There can be serious consequences like misdiagnosis, delayed diagnosis and treatment plans that don’t work. Britt shared how ADHD behavior in minority girls and women can also be misinterpreted due to cultural differences and preconceived judgments. She mentioned negative experiences with and mistrust of the healthcare system, plus fears of stigma and medication addiction as big concerns in Black populations.


So how can we increase health equity for Black girls and women living with ADHD? First, we need to include more Black girls and women in ADHD research, both as participants and as the researchers leading these studies. We also need to fund this research, just like all the other research we do here in ADHDlandia. It’s imperative that we keep talking with clinicians and educators about what ADHD looks like and the role of racial bias in diagnosis and treatment.


Partnering with community organizations can also increase ADHD awareness and understanding, especially when it comes to stigma and treatment. Last but certainly not least, we must include the lived experiences of BIPOC populations when developing guidelines, resources, and best practices for the ADHD community. Look where awareness has gotten us so far in understanding what we’re going through with ADHD.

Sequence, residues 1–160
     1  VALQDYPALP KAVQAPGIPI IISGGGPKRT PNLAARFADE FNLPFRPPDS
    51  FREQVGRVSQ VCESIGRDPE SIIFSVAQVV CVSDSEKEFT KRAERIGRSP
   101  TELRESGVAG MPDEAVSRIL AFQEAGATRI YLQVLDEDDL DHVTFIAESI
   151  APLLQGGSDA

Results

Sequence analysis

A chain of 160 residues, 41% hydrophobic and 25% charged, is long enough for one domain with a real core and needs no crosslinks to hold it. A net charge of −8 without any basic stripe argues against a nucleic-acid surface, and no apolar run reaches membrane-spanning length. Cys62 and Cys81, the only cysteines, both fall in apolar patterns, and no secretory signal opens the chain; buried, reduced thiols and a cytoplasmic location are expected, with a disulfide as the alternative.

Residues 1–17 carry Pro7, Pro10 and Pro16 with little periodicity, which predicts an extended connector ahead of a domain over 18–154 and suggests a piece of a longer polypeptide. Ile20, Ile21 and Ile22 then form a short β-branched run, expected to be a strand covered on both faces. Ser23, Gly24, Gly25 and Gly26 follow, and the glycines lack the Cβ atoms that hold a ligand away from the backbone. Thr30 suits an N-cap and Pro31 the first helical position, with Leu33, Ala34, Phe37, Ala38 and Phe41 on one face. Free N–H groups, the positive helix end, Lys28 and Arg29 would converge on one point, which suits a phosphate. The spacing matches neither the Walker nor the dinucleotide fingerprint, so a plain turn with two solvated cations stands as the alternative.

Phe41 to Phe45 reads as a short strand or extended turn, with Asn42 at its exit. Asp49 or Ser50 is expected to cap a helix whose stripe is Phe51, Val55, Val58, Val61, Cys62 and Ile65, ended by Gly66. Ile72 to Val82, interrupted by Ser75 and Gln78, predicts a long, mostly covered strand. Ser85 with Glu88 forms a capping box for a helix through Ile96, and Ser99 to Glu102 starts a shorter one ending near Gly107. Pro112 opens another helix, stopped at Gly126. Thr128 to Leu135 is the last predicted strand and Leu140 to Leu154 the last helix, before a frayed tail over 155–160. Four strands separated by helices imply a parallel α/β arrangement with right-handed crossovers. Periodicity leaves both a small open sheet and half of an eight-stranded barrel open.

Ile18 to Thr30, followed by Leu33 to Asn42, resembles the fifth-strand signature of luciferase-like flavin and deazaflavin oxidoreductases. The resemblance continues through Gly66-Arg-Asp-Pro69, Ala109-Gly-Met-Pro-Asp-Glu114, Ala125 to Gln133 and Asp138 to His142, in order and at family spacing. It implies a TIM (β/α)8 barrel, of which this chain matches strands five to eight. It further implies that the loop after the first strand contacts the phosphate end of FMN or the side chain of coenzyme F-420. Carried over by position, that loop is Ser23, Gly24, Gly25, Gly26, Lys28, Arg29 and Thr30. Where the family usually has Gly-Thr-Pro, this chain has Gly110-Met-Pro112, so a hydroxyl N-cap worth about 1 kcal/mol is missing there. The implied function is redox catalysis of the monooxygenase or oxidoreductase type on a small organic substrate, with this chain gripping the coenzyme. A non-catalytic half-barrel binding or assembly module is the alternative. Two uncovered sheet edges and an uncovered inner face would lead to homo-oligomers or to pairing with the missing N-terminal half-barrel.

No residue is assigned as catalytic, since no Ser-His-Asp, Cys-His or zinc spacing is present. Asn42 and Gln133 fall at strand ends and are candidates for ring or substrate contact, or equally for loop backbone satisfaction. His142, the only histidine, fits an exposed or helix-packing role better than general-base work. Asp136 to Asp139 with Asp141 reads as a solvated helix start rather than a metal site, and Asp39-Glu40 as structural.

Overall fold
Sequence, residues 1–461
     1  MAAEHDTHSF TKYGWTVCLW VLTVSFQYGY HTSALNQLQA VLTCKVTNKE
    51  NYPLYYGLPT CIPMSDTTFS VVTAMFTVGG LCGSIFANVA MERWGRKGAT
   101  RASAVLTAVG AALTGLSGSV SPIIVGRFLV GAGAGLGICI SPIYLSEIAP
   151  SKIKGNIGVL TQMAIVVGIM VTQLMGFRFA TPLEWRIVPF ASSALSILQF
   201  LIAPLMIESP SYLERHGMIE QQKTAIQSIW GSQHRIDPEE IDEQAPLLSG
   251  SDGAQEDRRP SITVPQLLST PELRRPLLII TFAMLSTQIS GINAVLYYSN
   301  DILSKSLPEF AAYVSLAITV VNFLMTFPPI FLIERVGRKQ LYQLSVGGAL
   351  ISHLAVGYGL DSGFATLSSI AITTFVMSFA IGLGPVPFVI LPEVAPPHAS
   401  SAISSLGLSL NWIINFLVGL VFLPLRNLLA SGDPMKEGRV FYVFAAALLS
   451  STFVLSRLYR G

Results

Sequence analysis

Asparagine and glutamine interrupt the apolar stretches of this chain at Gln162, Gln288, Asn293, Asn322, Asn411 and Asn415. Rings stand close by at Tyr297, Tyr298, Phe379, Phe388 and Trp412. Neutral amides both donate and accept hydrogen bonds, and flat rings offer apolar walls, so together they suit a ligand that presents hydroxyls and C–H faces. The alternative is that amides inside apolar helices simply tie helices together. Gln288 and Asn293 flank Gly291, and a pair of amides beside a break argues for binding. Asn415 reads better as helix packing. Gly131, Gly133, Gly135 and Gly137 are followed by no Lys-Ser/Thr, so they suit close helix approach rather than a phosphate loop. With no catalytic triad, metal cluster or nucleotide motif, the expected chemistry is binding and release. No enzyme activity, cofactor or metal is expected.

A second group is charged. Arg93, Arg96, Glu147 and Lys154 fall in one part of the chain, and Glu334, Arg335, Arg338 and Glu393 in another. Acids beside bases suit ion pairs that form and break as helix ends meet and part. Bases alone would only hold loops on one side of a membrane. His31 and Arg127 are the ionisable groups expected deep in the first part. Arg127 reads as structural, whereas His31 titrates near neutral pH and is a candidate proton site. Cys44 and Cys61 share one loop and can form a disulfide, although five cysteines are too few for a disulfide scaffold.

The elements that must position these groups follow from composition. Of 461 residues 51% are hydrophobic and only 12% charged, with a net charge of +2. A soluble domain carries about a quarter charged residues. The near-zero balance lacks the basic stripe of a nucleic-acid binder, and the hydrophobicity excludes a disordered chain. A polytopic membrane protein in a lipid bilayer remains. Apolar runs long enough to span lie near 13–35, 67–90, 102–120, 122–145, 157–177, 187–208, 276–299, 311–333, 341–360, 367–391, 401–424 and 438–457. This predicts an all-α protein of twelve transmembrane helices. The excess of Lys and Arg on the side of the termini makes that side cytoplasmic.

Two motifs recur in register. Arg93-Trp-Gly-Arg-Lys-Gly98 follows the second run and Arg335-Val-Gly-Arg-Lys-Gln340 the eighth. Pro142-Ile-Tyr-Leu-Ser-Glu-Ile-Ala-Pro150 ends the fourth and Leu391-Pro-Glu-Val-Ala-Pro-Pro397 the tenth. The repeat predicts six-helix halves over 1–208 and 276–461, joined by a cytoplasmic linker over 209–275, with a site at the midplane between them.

When we leave people out, it’s impossible to move forward together. That’s why we’re turning the car around and going back, because when we mean everyone, we mean everyone. I’m so grateful to Britt for sharing her story here with us on Refocused, Together. To catch all of the 31 stories this month, subscribe to Refocused wherever you listen to podcasts. And to learn more about how ADHD Online can help you on your mental health journey, head to adhdonline.com.